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The legal battle between esports pro Tfue and FaZe Clan will continue on both coasts, as a New York federal judge has declined to stay the case that’s before him.
Turner “Tfue” Tenney in May sued his former gaming organization, alleging his contract is “oppressive” and FaZe Clan is entitled to take too much of his earnings and is putting its interests before its players. He also filed a complaint with the California Labor Commissioner, arguing that his gamer agreement is unenforceable because of California’s Talent Agencies Act, which precludes anyone but an agent from procuring work for an artist. Historically, this has only applied to those in traditional entertainment industries like film, TV and radio, but Tenney argues it should apply to esports stars, too.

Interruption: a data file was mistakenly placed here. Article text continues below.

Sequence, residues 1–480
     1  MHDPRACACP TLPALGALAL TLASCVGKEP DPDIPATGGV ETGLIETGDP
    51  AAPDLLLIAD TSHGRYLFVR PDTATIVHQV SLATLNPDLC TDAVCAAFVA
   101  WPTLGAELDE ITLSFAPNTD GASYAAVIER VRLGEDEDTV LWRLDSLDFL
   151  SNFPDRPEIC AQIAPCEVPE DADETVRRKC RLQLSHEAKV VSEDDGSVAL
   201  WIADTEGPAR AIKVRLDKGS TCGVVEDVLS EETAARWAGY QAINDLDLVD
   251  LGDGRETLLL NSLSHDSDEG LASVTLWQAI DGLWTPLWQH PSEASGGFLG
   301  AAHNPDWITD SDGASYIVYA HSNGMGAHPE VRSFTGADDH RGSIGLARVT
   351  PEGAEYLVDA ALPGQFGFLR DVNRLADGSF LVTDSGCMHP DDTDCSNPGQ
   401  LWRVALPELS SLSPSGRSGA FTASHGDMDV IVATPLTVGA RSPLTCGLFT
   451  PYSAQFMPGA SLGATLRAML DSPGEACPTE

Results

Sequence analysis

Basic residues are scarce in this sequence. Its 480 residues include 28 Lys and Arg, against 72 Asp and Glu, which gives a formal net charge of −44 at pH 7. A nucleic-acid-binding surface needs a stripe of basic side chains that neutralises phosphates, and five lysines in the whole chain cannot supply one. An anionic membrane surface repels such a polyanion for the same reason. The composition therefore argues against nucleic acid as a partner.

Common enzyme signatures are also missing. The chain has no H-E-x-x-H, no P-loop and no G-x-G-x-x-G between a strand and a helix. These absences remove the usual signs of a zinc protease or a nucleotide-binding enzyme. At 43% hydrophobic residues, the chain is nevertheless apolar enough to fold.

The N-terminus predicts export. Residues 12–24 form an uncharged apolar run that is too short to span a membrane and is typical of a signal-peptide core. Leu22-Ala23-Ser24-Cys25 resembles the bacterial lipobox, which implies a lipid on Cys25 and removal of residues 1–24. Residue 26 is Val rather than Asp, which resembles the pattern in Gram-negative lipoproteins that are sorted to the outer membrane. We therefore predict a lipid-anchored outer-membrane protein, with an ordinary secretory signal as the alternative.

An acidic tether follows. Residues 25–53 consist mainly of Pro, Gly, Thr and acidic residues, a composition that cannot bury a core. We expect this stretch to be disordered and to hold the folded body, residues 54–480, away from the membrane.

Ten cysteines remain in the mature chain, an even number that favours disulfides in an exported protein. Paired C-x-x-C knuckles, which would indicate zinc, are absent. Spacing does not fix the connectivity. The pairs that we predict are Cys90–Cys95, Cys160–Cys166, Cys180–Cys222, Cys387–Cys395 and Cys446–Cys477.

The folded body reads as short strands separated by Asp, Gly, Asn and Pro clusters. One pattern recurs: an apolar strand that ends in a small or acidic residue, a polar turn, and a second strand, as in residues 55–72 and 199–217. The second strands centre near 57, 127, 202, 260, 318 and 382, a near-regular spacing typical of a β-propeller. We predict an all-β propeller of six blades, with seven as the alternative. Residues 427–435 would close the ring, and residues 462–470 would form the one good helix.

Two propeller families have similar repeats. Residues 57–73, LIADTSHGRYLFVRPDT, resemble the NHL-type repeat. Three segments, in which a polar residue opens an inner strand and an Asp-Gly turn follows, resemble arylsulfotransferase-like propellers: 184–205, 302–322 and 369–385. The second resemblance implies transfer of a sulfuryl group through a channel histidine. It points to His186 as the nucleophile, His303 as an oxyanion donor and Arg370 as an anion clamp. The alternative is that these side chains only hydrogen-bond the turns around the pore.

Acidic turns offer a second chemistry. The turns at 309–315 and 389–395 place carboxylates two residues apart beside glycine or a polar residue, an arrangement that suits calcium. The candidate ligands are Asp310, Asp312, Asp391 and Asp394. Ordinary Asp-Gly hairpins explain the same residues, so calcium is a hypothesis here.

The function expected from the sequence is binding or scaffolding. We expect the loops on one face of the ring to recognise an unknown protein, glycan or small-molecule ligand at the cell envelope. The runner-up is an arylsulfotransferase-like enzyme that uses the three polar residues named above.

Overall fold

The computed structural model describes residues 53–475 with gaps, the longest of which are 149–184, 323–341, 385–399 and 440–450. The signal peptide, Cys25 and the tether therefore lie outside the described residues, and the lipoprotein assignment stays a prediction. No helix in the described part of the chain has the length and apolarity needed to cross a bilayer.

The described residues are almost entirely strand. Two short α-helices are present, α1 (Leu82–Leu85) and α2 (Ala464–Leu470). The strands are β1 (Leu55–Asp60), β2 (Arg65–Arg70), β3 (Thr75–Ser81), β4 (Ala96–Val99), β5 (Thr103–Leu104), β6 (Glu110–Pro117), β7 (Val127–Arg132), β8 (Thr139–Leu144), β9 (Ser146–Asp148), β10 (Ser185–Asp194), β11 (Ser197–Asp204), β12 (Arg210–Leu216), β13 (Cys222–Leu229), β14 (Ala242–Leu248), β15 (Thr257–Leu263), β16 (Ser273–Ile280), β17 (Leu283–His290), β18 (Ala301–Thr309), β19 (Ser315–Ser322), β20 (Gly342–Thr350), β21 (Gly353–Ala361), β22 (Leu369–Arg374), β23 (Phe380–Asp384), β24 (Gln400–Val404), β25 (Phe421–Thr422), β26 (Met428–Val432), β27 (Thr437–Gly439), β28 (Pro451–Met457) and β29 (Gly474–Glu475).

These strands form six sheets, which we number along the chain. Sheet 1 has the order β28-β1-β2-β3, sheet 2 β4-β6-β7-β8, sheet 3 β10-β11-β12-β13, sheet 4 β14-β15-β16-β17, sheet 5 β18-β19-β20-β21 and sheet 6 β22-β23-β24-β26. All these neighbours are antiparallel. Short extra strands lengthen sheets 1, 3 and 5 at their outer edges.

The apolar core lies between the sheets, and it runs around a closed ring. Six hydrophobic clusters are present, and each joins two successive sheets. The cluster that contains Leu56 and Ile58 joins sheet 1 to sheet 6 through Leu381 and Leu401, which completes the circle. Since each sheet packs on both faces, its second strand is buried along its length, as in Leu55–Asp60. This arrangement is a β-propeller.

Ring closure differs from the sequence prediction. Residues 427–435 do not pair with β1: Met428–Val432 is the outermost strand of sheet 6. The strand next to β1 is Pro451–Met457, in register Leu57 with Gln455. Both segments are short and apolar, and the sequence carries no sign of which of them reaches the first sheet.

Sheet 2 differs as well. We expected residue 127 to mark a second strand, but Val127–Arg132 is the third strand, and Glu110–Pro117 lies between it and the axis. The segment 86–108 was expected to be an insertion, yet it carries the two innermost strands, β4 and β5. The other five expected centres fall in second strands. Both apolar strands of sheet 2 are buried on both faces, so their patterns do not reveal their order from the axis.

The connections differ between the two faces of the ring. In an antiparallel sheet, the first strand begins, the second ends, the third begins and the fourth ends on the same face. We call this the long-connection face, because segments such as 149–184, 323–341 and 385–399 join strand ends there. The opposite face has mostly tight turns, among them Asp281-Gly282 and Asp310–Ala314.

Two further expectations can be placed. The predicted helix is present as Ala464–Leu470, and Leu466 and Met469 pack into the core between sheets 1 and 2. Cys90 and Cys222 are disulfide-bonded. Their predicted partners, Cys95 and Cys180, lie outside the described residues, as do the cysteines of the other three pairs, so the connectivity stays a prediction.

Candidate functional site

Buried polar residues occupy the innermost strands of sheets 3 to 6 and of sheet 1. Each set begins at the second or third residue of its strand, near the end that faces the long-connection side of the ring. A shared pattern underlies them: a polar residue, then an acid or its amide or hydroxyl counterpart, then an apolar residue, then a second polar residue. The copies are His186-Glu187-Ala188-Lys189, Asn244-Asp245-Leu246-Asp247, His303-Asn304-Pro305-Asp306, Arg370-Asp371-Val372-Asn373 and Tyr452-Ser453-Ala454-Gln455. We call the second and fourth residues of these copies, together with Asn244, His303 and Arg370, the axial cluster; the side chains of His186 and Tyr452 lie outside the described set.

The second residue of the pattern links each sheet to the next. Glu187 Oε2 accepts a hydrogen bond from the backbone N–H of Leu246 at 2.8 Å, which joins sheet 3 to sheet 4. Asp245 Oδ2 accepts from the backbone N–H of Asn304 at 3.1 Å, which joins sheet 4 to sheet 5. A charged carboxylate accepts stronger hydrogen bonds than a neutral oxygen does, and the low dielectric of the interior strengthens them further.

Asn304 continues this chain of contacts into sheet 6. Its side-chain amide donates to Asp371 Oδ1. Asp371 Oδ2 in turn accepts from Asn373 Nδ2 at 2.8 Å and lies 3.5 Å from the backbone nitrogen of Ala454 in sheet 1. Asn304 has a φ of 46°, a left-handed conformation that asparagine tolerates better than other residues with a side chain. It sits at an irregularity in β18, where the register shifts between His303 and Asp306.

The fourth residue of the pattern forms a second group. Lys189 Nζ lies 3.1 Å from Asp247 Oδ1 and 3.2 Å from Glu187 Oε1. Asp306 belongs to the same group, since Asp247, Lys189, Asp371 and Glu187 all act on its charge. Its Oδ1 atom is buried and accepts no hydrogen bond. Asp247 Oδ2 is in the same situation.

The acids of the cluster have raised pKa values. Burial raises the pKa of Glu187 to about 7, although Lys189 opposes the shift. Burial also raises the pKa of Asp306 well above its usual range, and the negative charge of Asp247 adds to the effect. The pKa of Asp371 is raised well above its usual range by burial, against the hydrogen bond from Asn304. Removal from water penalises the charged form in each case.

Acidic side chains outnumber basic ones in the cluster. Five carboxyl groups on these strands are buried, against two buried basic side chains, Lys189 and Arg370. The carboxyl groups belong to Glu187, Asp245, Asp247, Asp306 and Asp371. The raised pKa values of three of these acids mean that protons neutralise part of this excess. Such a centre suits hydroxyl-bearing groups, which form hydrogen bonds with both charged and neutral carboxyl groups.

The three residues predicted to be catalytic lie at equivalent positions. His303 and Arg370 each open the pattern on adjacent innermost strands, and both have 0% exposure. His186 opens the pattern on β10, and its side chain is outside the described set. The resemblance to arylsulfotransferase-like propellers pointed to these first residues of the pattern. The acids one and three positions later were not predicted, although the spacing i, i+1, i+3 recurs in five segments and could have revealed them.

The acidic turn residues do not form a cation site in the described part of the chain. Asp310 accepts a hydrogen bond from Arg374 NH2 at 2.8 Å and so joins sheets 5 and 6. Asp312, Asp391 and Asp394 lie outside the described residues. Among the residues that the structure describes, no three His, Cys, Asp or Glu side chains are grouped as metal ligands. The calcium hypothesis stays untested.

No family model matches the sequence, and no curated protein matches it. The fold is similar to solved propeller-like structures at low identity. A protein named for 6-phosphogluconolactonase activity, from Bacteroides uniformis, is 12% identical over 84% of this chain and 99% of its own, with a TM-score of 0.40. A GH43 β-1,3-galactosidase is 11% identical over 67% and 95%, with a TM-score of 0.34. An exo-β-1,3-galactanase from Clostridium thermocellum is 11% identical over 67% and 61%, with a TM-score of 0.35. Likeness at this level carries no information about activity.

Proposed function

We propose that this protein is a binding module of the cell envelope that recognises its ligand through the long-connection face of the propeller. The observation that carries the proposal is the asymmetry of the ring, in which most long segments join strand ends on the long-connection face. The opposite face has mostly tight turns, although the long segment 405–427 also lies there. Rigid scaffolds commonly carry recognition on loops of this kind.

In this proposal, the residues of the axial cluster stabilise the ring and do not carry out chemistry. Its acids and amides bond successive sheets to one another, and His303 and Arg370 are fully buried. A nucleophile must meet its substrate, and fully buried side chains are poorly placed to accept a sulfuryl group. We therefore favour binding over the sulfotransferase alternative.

FaZe Clan countersued Tenney in New York, alleging the Fortnite star was stealing its secrets to launch a competitor and withholding revenue, and the gamer asked the court to either dismiss that suit or stay it until the California proceedings play out.
U.S. District Judge Jed S. Rakoff denied that request, finding it “appears to be an obvious attempt by defendant to avoid a binding and enforceable forum selection clause.” (The gamer agreement dictates that any disputes will be litigated in New York.) Tenney relied on the Colorado River abstention doctrine, which Rakoff explains gives the court the power to decline a case under exceptional circumstances in order to conserve judicial resources. The judge wasn’t convinced to give up jurisdiction.
While denying the motion means the parties are litigating in three forums concurrently, Rakoff isn’t concerned about the potential for conflicting results because a decision in any of the proceedings would likely “have a preclusive effect in the other two.”
Read the full order below.
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